One of the questions that we get asked most often by leadership teams trying to adopt the Kaizen approach to business that made Toyota so successful is who in the organization needs to be involved? It’s a good question, but one that’s relatively easy to answer by examining the principles behind the Kaizen philosophy.
Kaizen means “positive change” or “continuous improvement” in Japanese. Those who practice Kaizen believe that small changes can produce impressive results and that ideas for positive change should come from the people doing the work. When Toyota introduced Kaizen, they made it clear that continuous improvement was everyone’s job. The goal of modern organizations is to develop a culture of improvement that envelops every single member of the team.
Once you realize that everyone should participate in Kaizen, but the next question is how? Each role has a different set of responsibilities related to improvement.
The executive leadership team has the onus to set the tone for Kaizen and provide the necessary support and resources to create an environment that is ripe for positive change. They start the process of strategy deployment, or Hoshin Kanri, that aligns improvement efforts across the organization. Employees will look to the leadership team to determine whether Kaizen is just another buzzword, or if it really is the paradigm through which the organization will be managed. Investments in training, improvement management technology, outside consultants, and other needed resources reveal the commitment level of the C-suite.
Department Leaders and Supervisors
The example set by department leaders and supervisors is also critical to the development of a culture of improvement. They will help team members learn how and when to use Kaizen techniques like PDSA, Catchball, 5S, and others. They are also in the position to coach members of their department and to ensure that improvement activities are central to performance evaluations. Department leaders and supervisors are also tasked with making sure that Standard work is implemented and consistently applied.
Front-line employees are in the best position to notice opportunities for improvement, develop solutions, implement changes, and sustain the improvement over the long-term. Kaizen can’t really exist in an organization without the involvement and commit of every team member. Each person should understand how their work relates to the overall goals and objectives of the organization. They should be empowered to report and react to quality or performance problems. It should be common knowledge that innovation is not a top-down pursuit. Breakthrough ideas can come from anyone.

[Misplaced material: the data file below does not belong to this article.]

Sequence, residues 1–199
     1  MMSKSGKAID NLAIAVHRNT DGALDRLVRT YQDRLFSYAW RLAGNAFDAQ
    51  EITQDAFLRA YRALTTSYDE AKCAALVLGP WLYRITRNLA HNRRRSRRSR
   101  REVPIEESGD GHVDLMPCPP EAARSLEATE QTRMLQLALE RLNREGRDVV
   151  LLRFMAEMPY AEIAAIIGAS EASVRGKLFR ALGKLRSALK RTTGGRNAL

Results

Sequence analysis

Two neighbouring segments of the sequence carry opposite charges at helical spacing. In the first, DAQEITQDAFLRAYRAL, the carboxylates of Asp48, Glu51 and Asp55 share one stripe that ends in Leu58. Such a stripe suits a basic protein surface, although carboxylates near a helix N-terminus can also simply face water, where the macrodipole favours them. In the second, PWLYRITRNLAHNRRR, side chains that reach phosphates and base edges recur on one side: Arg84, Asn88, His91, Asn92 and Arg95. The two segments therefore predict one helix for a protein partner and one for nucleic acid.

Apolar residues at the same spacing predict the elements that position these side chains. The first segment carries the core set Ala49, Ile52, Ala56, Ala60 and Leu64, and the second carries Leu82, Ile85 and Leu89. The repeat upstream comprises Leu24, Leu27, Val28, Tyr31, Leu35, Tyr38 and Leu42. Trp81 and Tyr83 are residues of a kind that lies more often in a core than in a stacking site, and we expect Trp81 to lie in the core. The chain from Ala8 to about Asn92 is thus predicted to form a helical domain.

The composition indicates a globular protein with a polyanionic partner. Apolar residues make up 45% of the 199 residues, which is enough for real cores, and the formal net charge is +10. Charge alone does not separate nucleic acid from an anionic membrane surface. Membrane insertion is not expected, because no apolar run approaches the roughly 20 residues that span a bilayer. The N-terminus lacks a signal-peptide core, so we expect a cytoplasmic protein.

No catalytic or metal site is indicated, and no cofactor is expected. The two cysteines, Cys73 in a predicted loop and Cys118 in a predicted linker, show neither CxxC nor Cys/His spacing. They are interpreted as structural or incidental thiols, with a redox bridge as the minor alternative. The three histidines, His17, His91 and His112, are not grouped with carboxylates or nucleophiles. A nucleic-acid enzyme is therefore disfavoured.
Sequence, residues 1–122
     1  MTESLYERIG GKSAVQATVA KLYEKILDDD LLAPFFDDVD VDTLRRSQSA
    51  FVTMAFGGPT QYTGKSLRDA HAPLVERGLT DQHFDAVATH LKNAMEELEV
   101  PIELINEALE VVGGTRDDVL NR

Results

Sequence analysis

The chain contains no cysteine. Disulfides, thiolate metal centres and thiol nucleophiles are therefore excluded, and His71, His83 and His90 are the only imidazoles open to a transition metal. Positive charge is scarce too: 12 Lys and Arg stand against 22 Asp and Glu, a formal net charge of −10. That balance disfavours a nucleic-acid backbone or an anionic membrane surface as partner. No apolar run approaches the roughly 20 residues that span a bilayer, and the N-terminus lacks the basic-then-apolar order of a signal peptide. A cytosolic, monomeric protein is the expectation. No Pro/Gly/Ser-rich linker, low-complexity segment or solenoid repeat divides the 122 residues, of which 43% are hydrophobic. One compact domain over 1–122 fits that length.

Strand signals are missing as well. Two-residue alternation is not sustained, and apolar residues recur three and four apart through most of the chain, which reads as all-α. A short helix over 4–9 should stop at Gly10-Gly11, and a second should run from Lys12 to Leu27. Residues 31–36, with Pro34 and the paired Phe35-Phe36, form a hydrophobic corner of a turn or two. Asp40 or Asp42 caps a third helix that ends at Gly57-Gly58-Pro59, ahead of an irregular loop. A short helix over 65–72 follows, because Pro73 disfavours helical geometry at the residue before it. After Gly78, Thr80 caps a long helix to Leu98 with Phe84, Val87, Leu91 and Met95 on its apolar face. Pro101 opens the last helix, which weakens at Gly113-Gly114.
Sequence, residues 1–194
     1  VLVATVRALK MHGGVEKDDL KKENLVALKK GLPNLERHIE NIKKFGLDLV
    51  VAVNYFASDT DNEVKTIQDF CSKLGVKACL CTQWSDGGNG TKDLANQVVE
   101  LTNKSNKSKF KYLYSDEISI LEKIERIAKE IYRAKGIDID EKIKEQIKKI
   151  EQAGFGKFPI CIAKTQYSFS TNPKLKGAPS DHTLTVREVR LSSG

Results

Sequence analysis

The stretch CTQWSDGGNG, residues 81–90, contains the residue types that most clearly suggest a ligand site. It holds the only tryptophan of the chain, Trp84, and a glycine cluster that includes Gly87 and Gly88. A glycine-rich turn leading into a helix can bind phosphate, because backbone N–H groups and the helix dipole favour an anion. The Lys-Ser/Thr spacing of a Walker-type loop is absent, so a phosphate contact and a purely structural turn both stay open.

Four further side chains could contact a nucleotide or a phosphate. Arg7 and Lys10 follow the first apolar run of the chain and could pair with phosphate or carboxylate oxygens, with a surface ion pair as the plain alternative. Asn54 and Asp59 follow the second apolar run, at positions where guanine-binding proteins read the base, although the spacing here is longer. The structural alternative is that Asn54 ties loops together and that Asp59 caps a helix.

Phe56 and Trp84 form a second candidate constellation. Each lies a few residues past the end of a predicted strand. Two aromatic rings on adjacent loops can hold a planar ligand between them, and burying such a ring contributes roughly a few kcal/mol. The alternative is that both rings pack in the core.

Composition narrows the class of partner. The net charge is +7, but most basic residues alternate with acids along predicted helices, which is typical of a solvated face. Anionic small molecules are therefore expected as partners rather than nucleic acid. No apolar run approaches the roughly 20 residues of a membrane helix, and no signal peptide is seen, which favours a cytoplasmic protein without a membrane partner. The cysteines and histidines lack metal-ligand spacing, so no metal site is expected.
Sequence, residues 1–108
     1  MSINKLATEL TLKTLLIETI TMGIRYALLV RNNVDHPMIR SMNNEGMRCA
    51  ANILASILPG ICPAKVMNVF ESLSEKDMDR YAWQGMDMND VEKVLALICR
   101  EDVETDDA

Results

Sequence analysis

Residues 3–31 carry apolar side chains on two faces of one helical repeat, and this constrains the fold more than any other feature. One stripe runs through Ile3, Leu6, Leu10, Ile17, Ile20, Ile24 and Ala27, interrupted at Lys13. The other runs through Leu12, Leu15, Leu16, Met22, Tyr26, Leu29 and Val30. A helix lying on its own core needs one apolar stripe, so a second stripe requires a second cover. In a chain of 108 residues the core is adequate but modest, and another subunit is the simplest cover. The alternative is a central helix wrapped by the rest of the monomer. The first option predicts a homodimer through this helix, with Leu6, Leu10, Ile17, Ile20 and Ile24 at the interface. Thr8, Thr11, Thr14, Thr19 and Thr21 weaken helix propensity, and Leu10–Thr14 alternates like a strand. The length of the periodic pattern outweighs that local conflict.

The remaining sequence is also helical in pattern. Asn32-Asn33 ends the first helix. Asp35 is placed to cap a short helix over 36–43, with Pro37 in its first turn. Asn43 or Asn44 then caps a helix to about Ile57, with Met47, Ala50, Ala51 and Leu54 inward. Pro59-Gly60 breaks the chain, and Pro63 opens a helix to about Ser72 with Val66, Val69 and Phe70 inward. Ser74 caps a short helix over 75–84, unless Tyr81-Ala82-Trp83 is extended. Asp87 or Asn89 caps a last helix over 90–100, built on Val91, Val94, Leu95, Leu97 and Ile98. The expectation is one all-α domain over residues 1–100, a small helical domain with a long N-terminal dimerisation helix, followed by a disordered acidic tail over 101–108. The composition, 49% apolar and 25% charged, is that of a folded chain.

People look at us weird when we bring up HR when discussing Kaizen, but their role is important enough to call out. New employees should be screened for their “Kaizen aptitude.” That doesn’t mean that they need to have worked in a Kaizen workplace before, they don’t even need to be familiar with the word, but they should be willing to embrace the philosophy and look forward to contributing to positive change. HR also often bears responsibility for both training and employee performance measurement, both of which should be infused with Kaizen.
A Note on Kaizen Events
We’ve been talking so far about Kaizen as a daily practice – a way of thinking and a constant reality. However, some organizations also practice Kaizen events, short (3-5 day) intensive improvement periods devoted to solving a particular problem or improving a target process. When it comes to who should be involved in Kaizen Events, the same principle that guides daily Kaizen should apply. Kaizen event teams typically include:
- An executive sponsor who approves the event, marshals the resources needed and removes any roadblocks that get in the way of progress.
- A facilitator who keeps the team organized and ensures that the work is well documented and that the required reports are prepared and presented. The facilitator also resolves any conflict and makes sure that resources are efficiently deployed.
- The day-to-day owner of the process to be improved. This person clearly has a significant stake in the outcome of the event and insight into the challenges to be addressed.
- Members of the team that actually do the work are always involved in a Kaizen event. They are in the best position to reveal the current process state, make suggestions for improvement, and implement the agreed upon solutions.
The Kaizen way is something that should become part of the DNA of the organization from the top down. It doesn’t happen spontaneously. Leaders must set the right conditions for success and recognize and reward those who engage in Kaizen wholeheartedly.
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